Many car and insurance salesman argued that (prospective) clients should not request for a commission rebate. It is unfair to request a portion of one’s salary when they work for you. Sounds correct?
In a way, yes. But in my way, NO.
I personally have experience buying insurance and cars. I too ask for commission rebates in CASH, rather than vouchers, sports rims, solar film, sound proofing and other non-cash items.
Am I being unfair to them? After all, they derive their main income from their sale of cars and insurance. Essentially, customers who buy from them, pay them their salary. If everyone were to request rebates from them, they might end up robbing the banks to make ends meet. (Thus some unscrupulous agents resort to just robbing you, if you know what I mean).
Customers who purchase the cars or policies also exercise authority, decisions (to purchase) based on the recommendations/ advice of the sales agent. WOW, sounds like my boss.
My boss decides my salary. If I am not willing to do the job at his stipulated salary, someone else would. By the same token, if the sales agent is not willing to give me cash rebates to make my purchase cheaper, I will look for someone else. Somebody out there wanting to make just a little from my sales is more than willing to give me a $1,000 rebate for my car purchase; a 40% rebate on my life policy.
Wait wait. Will they starve? Let’s take a look at one car agent’s and one insurance agent’s sales commission. The below illustrations were given by my agents:
Car Agent Rob working in Brother Motors, sells 15 cars per month.
Basic pay: $500 monthly
Commission for selling a normal sedan: $500
Insurance: 12% of motor insurance
Loan: 0.5%-2% of loan amount, depending on loan amount and tenure.
Trade-in vehicle: Depending on make, modal, age: $0-$1000.
John bought a car from Rob, trading in his 3 year old car for a new one.
His insurance premium is $1500 and his loan tenure is $50,000 for 7 years.
Rob earns: $500 (Bro Co. commission) + $180 (insurance commission) + $ 1% of $50,000+ $200 (trade in car commission) = $1380.
How accurate is the figure? Rob is my university classmate. I am quite sure he did not lie to me. The figure should at least 80% correct. It can be less, but it can be MORE as well.
How much did Rob gave John in cash rebate? John asked for $1,000 cash back and he gave him, happily.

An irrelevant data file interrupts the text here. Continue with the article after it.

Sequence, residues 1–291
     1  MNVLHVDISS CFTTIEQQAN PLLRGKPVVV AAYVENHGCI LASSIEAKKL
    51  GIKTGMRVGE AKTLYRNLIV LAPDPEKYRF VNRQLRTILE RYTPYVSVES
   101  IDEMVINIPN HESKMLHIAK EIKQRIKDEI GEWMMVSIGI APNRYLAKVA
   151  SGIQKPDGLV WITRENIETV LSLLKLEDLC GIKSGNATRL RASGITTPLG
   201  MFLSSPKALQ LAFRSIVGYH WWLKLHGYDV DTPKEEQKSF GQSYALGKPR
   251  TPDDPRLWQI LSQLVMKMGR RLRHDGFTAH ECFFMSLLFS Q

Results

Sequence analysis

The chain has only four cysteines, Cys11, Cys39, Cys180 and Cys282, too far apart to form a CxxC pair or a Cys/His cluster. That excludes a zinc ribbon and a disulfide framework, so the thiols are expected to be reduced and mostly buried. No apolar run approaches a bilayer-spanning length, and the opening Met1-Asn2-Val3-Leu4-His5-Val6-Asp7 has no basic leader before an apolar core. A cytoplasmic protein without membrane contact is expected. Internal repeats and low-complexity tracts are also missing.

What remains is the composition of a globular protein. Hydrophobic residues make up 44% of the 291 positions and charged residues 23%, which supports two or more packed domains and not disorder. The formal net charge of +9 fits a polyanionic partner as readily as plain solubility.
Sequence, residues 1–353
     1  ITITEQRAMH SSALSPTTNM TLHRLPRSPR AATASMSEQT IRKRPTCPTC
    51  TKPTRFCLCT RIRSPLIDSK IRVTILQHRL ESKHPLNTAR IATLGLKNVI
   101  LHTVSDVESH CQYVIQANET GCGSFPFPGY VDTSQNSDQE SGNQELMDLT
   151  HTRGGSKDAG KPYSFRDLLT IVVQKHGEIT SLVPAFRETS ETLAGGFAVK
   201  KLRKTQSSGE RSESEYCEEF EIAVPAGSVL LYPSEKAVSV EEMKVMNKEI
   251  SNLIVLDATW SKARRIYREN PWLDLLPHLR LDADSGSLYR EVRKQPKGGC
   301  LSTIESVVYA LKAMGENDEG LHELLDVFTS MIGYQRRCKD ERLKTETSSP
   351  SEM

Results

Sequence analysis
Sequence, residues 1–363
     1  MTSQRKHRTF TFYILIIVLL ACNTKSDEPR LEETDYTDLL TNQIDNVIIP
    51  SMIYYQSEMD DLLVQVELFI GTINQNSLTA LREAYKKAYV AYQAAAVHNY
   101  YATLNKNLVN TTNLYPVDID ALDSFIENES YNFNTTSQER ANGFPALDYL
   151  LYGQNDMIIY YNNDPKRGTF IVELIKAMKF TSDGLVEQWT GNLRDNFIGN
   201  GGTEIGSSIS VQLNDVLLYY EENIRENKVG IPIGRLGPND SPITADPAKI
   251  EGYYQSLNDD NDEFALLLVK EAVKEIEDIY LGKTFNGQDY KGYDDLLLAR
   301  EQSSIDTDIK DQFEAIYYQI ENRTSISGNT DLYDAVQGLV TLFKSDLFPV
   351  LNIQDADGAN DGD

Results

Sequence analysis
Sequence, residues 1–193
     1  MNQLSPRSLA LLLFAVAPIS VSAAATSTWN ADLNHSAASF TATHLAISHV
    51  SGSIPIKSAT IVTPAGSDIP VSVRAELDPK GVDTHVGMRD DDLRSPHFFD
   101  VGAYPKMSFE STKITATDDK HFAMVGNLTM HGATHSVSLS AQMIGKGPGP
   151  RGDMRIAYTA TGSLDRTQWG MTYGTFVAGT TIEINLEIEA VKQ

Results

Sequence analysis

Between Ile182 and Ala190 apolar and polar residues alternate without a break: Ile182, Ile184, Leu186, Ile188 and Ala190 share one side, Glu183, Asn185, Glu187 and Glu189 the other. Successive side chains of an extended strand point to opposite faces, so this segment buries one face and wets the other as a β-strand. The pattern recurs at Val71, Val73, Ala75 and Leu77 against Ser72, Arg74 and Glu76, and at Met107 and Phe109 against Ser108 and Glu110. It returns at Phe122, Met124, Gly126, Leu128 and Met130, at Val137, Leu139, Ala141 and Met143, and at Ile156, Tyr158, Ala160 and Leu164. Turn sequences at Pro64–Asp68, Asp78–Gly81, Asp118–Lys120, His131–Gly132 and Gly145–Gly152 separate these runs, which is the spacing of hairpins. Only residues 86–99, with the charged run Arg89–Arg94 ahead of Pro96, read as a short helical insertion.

Even earning $380 per car will yield him $5,700 monthly before his basic salary. The paperwork he has to do is simple.
In reality, only 30% of his customers “squeeze” him. Most of them are just happy with few hundred dollars worth of paint protection, rims or solar film.
No wonder he has 2 condominiums.
From John’s and my perspective, we choose the person who can lower our purchase price to the minimum, stretching our hard earned dollar.
As for commissioned insurance agents, selling a life policy will yield them 50% of premium paid for the first year (assuming a traditional whole life). My policy cost me $3000 annually. A rebate of $1,500 was given to me.
This is because for the 2nd, 3rd and up to the 6th year, the agent will still able to derive a percentage of your premium as his income. If I am not wrong, it goes something like this:
Year 2: 30%
Year 3; 20%
Year 4: 10%
Year 5: 6%
Year 6: 5%
Again, the figure might not be 100% accurate, but it is at least 70% correct. ILPs also allocate a similar percentage of premiums (as commission) to the financial advisor. No prizes to guess why agents are pushing such products aggressively.
My agent earned nothing for Year 1, but for the next 5 years, he has a recurring income from my policy. My agent, a primary school friend, earns $8,000 a month.
My car and insurance agent will not starve at all. In fact, I am more likely to starve than they are!
The point I am coming from is not to say that since they earn a high salary, hence we should get something back from them. My point is both parties should aspire to be in a win-win situation. I choose the product and pay the price I want.
Of course there are intangible benefits like sales and customer service. However for me, I rarely look beyond dollars and cents when it comes to purchasing commercial products.
Disclaimer: The purpose of writing this entry is not to encourage prospective clients to ask for cash rebates. You should work something out with your agent to acheive a win-win situation. The figures illustrated may not be 100% accurate.